Eldercare – on the Auction Block

The Alberta Association on Gerontology has reviewed the recent publication of the Consumers’ Association of Canada, Alberta Chapter entitled, “Eldercare – On the Auction Block”, which raises concerns about the long term care services in Alberta at the present time. While we do not support completely some of the points made in this report, there are some good points which we believe are valid. Our comments are outlined below.

Recommendation: Restore and expand universal public coverage for long term care supports, regardless of the setting. Many older people today, who are reaching the point where they need some home care help, did not have a chance to make plans for paying for these services. Many home care services are not “medically” necessary but promote overall health and prevent deterioration (e.g. homemaking). There is a gap in services for those with a mild dementia who do not require the full services of a continuing care centre but who may need 24 hour supervision for safety reasons. The other major gap is in coverage for medical supplies and drugs that would be covered if the individual was in hospital or another health care institution. Seniors were assured that these services would be available without significant extra charge. This is in addition to the fact that they have lost many of the benefit programs that were available to seniors at the time they planned their retirement incomes. Consequently, many people do not have adequate income to pay the high costs of private home care services, and services offered through the regular home care program are no longer sufficient for some people. Expansion of home care services was a key recommendation of the government’s Broda report (Long Term Care Review).

It is important to assess the income of those individuals requiring continuing care in the community to determine whether they are still able to afford the services needed to maintain their independence. It is an important function of the Alberta Government to carefully monitor the costs of continuing care in the community as well as in long term care centres, so that real “choice” remains affordable to those seniors with minimal incomes.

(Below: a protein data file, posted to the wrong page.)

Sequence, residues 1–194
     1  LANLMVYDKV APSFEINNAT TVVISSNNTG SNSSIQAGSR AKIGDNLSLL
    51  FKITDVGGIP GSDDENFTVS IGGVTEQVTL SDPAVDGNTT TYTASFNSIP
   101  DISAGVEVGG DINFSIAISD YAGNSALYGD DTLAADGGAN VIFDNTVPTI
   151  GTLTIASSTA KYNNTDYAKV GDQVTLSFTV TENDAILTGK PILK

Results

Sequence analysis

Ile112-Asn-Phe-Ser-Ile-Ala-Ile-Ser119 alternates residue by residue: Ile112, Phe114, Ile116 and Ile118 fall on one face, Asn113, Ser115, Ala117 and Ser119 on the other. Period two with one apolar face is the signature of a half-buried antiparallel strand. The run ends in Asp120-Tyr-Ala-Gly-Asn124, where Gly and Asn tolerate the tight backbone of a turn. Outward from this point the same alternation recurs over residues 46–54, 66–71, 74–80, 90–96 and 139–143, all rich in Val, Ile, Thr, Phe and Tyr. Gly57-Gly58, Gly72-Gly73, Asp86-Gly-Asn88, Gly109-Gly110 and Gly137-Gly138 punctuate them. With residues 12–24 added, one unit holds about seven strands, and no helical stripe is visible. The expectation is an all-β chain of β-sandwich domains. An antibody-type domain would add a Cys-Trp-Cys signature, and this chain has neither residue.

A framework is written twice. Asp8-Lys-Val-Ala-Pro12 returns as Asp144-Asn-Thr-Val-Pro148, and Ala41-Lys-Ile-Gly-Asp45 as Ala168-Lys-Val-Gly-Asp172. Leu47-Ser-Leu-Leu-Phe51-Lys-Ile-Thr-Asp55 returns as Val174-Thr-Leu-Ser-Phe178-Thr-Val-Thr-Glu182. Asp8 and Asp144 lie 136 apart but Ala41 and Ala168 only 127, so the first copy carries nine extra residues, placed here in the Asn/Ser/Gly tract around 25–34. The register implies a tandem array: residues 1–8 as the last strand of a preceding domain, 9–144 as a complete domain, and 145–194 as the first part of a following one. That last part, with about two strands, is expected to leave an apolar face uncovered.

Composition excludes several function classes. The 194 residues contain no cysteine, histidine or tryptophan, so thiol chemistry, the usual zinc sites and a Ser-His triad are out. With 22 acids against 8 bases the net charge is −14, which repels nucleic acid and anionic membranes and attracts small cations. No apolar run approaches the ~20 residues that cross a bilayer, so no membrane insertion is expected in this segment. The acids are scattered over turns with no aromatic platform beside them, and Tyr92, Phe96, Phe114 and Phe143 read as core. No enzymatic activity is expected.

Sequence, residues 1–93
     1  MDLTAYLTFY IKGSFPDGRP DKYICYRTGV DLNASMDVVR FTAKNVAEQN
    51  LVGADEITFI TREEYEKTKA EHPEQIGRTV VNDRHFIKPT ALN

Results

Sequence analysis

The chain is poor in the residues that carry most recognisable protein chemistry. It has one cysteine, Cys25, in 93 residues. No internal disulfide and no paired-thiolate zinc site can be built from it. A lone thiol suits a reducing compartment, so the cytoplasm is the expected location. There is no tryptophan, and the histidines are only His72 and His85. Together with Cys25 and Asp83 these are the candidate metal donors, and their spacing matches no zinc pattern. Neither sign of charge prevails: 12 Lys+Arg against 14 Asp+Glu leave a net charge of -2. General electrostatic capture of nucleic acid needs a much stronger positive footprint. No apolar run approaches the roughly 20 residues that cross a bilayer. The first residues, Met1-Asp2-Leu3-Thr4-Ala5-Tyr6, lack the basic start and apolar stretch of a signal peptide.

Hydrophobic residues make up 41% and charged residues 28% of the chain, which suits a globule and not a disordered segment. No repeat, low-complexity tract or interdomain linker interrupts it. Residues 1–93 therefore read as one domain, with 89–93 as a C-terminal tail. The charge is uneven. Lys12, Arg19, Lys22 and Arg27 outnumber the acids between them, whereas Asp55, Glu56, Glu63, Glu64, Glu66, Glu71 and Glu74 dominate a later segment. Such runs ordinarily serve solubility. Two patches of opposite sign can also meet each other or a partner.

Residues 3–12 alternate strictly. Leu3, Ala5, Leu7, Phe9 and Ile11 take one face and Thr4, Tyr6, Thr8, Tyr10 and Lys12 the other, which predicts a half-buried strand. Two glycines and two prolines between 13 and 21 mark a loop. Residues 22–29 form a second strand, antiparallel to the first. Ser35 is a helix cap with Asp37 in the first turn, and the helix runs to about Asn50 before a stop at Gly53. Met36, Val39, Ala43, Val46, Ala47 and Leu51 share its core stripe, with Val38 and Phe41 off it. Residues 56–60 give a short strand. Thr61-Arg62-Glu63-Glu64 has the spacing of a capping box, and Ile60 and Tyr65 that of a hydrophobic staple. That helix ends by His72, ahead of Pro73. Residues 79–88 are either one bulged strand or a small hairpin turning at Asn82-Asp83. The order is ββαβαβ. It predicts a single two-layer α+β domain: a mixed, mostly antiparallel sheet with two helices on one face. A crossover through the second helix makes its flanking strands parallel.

We also now have situations where family members, usually the female members, have to leave their jobs, take part-time jobs or take leaves to provide care for an older member of the family. The report is correct in stating that these people are the poor of the future generation of retirees. They are not provided with adequate supports while they are caring for their older relatives, and they are losing valuable pensionable time and chances of advancement while they are out of the workforce.

One of the fundamental principles of the development of assisted living facilities is that these offered the promise of “choice” as an alternative to a system of institutional care. However, private pay assisted living facilities cater to seniors that are able to afford the services. There needs to be more of these types of facilities for low or average income seniors. Developers will need government assistance to be able to make their facilities affordable. A partnership between all levels of government, and private developers, is suggested. Some of these partnerships have started but government involvement is required to make the housing component affordable.

Recommendation: End the unbundling of services. We support “unbundling” of services as this separates the services from the place where they are delivered. In other words, the services are not tied in with a specific location. When services are tied to a specific location, the individual has to move should his/her needs change. Unbundling ensures that people only get the services needed, which should save money in the long run.

While assessment to determine need does restrict choice, we believe that it also determines what the needs of the individual are and what services would be most appropriate. What perhaps is needed is a greater range of services, which can be provided in a variety of settings: home or supportive housing as well as long term care facilities, regardless of geographic location in this province. The Broda report also advocated expanding the range of supportive living options in the province. These should be available to those who need some help with maintaining their independence. At the present time, those with low incomes have very little choice. Even some of those with a moderate income are finding it difficult to afford real choice. This is an important consideration. Being able to make choices is crucial if older people are to age well. To summarize, there needs to be a greater range of services that are available to those with low incomes. At present, seniors with low incomes have very limited choices.